1. Subjects a person protected by International Humanitarian Law to unlawful confinement.
In a chapter entitled “Proceedings in times of armed conflict”, the Code also states:
Article 416. - Proceedings
The procedure to be followed in proceedings during international armed conflicts shall be subject to the rules established for ordinary proceedings to the extent that they apply.
Article 417.- Rules
In these proceedings, the following rules shall be observed:
1. The accused shall remain in detention.
In a chapter entitled “Penal enforcement”, the Code states:
The enforcement of a punishment of deprivation of liberty shall be carried out in accordance with the guarantees and limits established by the Political Constitution of the State [of Peru], the present Law, military and police regulations as well as judicial decisions.
In 2003, in the Marcelino Tineo Silva and Others case, Peru’s Constitutional Court stated:
Justifying … pre-trial detention solely with the reproachable nature and negative social consequences of the crime of terrorism would violate the principle of presumption of innocence because, as stated by the Inter-American Commission of Human Rights, justifying a person’s detention based on the degree of danger or nature of the crime “could be understood as being subjected to punishment in advance before the competent judge has had a chance to decide whether or not the person is guilty. This situation may lead to an arbitrary and twisted application of preventive detention for purposes different from those considered in the law itself.” (Report No. 02/97, para. 51).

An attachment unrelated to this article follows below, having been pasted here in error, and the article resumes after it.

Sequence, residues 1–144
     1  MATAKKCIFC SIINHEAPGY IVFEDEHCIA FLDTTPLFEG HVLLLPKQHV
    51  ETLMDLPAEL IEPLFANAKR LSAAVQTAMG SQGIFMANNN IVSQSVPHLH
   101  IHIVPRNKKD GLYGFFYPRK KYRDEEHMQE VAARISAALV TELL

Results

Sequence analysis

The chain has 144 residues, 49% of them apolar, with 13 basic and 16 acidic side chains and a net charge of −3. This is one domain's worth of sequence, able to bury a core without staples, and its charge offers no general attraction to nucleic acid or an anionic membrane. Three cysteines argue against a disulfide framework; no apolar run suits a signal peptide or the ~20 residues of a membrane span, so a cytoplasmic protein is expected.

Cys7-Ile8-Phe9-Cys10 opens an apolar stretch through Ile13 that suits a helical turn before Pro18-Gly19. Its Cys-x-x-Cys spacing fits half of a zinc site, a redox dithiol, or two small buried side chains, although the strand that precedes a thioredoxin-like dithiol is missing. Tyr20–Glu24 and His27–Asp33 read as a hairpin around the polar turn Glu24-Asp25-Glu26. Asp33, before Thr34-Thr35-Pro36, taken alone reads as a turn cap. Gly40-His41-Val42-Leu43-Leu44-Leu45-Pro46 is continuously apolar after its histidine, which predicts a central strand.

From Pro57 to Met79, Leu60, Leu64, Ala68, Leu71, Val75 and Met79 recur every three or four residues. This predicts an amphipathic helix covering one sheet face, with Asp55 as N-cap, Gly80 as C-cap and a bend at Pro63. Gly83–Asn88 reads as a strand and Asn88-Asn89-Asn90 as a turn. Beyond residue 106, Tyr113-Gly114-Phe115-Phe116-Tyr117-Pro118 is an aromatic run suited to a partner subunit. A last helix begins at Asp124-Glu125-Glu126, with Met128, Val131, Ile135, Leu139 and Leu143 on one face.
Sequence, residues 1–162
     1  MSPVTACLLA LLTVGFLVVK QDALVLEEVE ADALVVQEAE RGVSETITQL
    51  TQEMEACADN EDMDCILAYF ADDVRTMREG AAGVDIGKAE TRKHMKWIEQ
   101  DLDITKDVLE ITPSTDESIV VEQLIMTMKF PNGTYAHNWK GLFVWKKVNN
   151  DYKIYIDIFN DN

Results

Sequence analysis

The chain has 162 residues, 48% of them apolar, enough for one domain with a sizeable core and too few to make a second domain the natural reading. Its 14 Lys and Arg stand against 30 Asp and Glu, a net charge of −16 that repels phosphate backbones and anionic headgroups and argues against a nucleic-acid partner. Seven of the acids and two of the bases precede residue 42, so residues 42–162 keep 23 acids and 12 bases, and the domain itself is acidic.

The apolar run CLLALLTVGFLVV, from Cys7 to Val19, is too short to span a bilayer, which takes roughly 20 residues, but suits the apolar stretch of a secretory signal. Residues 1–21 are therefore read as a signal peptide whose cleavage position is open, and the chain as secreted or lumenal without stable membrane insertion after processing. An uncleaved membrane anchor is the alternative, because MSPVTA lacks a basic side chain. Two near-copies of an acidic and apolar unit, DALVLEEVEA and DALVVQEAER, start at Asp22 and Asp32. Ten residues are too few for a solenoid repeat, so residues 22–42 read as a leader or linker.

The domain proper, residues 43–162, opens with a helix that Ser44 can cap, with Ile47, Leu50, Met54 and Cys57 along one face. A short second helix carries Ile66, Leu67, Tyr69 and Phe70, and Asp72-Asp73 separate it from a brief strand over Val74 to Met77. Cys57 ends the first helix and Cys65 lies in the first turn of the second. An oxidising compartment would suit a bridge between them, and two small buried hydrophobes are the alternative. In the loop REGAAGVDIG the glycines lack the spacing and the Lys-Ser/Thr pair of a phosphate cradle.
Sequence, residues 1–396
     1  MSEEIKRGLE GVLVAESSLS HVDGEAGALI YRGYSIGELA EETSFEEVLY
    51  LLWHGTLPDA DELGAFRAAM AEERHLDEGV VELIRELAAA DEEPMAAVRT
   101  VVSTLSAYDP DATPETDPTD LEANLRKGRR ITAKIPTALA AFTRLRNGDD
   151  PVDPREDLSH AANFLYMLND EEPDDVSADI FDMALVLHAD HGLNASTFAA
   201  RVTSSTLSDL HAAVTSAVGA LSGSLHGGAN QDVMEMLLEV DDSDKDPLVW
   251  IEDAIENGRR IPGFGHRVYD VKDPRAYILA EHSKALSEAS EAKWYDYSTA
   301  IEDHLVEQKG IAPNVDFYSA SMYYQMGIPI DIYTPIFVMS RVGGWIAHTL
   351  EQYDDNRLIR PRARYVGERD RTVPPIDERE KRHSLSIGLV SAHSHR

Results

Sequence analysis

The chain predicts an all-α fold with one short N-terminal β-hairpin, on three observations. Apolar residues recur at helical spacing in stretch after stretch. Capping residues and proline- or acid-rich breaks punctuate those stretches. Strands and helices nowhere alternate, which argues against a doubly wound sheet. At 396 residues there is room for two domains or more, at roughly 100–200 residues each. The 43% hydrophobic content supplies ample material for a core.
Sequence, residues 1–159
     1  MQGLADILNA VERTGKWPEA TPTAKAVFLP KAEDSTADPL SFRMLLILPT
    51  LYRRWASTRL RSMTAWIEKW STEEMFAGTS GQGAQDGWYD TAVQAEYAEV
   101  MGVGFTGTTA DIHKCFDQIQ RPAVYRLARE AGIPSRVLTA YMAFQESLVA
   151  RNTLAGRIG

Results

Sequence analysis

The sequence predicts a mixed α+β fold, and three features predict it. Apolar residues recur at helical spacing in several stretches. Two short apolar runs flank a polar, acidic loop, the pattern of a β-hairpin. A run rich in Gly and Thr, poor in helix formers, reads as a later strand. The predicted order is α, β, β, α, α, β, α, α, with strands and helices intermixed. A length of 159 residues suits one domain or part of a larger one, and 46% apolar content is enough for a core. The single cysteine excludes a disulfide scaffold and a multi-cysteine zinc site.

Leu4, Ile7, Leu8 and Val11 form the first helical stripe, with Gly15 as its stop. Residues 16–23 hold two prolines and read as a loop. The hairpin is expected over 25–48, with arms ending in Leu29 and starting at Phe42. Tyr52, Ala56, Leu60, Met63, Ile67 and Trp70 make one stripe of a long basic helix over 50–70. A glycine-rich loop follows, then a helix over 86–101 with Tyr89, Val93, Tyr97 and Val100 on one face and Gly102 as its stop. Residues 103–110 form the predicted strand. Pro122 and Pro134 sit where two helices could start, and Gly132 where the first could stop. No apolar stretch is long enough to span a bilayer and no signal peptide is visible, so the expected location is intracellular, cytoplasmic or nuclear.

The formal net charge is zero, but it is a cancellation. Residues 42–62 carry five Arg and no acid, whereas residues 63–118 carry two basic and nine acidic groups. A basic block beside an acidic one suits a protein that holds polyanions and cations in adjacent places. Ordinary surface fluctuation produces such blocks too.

Pre-trial detention, which restricts a person’s freedom of movement even though he or she is presumed innocent during the process, may only be imposed if for a certain reason it is considered indispensable. Consequently, its imposition can never be rendered compulsory by law.
The Court further stated:
[T]he right to not be held incommunicado is not absolute, but subject to limitations because, as stated by Article 2(24)(g) of the Constitution, such a detention condition can be imposed if it is indispensable to solve a crime and if it is imposed in a manner and for such time as established by law. In such cases, “the authority shall be obliged to state without delay and in writing where the person is being held in detention”.
Consequently, there is no absolute right to not be held incommunicado. Such a detention condition can be imposed exceptionally in cases where it is indispensable to clarify a serious offence.
The Court also stated that “sentencing a person to a sentence involving incommunicado detention for a year is an unreasonable and disproportionate measure, constituting cruel and inhuman treatment.”
In 2004, in the Gabriel Orlando Vera Navarrete case
, Peru’s Constitutional Court stated that “the determination of a reasonable duration of detention must take into account the state’s obligation to investigate and punish the reported acts ... in order to avoid impunity for serious crimes and human rights violations.”